While the VR6 in Webb’s car is not heavily modified, it is equipped with a few goodies like a K&N intake system, a Techtronics ECU chip, and a custom exhaust system that plays sweet VR’ music through a Magnaflow muffler. It’s not a tire-roasting powerhouse by any means, but the lightly breathed-on six is perfectly matched to the rest of the car.
What’s even more impressive is that the swap complies with California’s stringent rules regarding emissions testing and engine swaps, as noted by the CARB sticker on the door jamb. This might be of a little meaning to people from outside California, but those of us who call the Golden State home know how big of a deal this is.
This sticker meanwhile should help Webb avoid dirty looks from the Polizei should he ever take the car road-tripping through its homeland.
Climb inside the GTI, and you’ll find a cockpit that has an equally impressive sense of detail and cleanliness.
The six-point roll cage is an obvious throw back to the car’s racing circuit roots…
… as are the pair of Cobra Monaco bucket seats with five-point Crow Racing harnesses. All this equipment will surely come in handy should Webb ever decide he’d like to start tracking the car again.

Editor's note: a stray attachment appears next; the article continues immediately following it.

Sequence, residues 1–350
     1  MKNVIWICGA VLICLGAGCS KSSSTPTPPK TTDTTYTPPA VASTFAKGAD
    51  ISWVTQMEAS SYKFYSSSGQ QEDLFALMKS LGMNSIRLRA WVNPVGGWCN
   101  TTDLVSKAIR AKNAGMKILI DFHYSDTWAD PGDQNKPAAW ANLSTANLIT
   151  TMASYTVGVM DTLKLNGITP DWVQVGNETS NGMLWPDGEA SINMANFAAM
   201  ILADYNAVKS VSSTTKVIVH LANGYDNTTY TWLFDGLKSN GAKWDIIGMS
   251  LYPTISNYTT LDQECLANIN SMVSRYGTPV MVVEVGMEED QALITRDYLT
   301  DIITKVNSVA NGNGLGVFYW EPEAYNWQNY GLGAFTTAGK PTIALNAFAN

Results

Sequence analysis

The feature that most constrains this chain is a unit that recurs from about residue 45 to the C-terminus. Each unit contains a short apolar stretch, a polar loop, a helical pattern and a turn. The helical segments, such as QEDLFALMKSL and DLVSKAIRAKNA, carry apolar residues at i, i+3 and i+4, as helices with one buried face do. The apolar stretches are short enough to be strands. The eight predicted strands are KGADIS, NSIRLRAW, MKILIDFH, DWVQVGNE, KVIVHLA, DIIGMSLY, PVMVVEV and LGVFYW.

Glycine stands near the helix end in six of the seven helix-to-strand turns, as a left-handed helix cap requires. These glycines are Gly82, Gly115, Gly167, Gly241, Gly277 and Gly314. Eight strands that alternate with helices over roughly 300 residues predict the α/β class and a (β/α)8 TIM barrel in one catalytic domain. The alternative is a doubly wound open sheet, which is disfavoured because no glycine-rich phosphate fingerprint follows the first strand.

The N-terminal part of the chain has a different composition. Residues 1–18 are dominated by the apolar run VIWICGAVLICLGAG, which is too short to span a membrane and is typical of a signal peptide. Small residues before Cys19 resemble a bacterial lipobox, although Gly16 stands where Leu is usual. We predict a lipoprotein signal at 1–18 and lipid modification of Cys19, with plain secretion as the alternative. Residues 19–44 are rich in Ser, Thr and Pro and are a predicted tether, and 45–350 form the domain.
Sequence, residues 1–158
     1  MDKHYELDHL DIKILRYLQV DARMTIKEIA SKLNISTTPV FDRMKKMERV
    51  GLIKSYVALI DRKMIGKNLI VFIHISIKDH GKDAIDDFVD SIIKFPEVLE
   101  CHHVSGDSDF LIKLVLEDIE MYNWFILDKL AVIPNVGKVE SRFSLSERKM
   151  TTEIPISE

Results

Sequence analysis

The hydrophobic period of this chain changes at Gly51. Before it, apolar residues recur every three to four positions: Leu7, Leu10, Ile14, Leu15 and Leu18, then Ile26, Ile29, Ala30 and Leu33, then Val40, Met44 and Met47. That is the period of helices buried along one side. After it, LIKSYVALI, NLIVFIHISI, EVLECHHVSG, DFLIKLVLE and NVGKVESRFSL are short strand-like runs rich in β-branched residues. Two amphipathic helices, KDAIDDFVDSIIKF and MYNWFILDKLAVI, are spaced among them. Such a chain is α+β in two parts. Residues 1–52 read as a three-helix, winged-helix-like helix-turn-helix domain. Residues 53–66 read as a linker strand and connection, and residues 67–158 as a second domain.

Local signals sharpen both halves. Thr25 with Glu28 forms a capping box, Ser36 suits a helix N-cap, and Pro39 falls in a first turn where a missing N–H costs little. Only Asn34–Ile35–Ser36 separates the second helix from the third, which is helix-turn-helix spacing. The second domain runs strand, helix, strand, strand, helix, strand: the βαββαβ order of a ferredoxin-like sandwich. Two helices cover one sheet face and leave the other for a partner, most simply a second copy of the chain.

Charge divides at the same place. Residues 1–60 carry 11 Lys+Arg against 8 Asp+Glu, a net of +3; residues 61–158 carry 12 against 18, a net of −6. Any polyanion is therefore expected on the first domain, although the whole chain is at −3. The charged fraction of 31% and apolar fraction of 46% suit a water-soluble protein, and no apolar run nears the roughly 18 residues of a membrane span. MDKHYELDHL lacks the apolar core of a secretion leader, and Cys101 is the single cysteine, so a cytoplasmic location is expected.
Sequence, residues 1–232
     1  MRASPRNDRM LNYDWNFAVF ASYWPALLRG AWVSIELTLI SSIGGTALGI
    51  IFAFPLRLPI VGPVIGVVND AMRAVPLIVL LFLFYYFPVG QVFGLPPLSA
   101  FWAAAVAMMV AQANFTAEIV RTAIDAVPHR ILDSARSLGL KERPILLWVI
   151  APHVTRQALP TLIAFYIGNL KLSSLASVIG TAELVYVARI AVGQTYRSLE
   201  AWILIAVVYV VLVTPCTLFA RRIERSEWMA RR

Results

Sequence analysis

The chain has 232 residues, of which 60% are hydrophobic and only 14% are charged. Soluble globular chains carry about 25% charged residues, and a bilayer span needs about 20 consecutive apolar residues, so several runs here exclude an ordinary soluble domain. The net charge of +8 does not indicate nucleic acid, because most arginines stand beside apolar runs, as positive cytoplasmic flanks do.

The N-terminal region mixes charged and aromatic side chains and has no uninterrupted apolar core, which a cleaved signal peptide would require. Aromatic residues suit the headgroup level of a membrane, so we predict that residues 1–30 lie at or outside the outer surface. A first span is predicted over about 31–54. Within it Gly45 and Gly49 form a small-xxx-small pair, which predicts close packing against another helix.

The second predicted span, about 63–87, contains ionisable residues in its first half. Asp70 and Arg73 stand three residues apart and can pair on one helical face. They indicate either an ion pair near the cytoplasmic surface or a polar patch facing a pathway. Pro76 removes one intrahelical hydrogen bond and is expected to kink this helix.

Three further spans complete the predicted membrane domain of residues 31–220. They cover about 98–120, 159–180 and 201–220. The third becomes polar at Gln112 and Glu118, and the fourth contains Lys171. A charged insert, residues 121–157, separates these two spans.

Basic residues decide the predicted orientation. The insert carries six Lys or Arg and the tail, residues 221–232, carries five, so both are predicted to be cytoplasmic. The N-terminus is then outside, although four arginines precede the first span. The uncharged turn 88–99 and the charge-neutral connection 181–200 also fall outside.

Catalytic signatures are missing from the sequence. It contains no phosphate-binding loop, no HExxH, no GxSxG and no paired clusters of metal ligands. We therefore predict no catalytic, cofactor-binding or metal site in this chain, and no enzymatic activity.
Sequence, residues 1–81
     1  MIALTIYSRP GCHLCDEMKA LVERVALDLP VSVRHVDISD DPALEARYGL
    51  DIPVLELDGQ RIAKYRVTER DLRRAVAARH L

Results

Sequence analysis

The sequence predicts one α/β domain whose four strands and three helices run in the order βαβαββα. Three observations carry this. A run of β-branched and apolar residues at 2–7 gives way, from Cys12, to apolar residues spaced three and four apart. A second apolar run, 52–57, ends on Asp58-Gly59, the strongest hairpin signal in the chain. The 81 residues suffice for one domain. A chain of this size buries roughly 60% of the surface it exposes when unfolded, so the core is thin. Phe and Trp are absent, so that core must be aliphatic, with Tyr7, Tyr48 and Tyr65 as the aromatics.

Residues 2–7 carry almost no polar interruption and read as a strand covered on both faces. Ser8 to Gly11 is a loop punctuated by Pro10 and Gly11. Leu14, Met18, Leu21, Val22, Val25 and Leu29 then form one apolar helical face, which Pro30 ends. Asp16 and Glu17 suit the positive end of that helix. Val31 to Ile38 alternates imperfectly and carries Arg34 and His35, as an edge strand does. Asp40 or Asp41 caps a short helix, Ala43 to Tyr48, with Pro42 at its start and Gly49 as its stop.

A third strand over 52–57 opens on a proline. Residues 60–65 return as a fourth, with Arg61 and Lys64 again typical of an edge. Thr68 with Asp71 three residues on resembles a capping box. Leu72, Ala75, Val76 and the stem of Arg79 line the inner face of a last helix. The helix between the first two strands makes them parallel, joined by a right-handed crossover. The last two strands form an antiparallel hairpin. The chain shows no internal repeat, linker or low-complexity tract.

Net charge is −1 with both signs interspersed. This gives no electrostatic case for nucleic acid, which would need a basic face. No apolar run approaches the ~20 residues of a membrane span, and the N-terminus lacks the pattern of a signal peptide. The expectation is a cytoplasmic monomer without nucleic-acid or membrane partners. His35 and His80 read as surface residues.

Other modifications in the cockpit include a Momo steering wheel, a full array of Auto Meter gauges and little touches like a Porsche glovebox lock cover.
Beneath the body, the car is equipped a set of FK Silverline coilovers, along with a Neuspeed rear sway bar and a rear disc brake conversion.
Additionally, the stock four-lug hubs have been replaced with a set of five-lug units, which allow the car to wear this set of restored Porsche-spec BBS Motorsport wheels.
Another focal point of the build, the wheels measure 16x9J in the front and 16x10J in the rear, with Falken Ziex 205/40R16 and 215/40R16 tires respectively.
I suppose it was only fitting that Sean and I chose to feature this car at an event put on by the Players crew from the UK. With its focus details and clean style, Webb’s Mk.II brought to mind so many of the great VW builds from Europe.
I mean, if it weren’t for the perfect sunny weather and ocean breezes, we might have forgotten that we were in Southern California altogether. Such was the power of this wonderfully balanced, tasteful and unique Volkswagen.
Webb’s Mk.II Volkswagen GTI
1995 VR6 swap (CARB legal), Techtronics ECU chip, K&N intake, Unorthodox pulleys, custom Magnaflow exhuast
FK Silverline coilovers, Neuspeed rear sway bar, custom rear tie bar, G60 front calipers, rear disc brake conversion, ABD rotors and brake lines, five-lug hub conversion
BBS Motorsport E50 16×9J front, 16x10J rear, Falken Ziex 205/40R16 front, 215/40R16 rear
Shaved bumper turn signals, fog light holes, hood vents, side markers, exhaust cut out, rear drip rail, Porsche 997 Sport Classic Gray paint, ABD Racing grill spoiler, aero lower grill piece & badgeless grill, ’86 Golf rear glass
Six-point roll cage, Cobra Monaco seats, Crow Racing harnesses, Momo steering wheel, Auto Meter gauges, fire extinguisher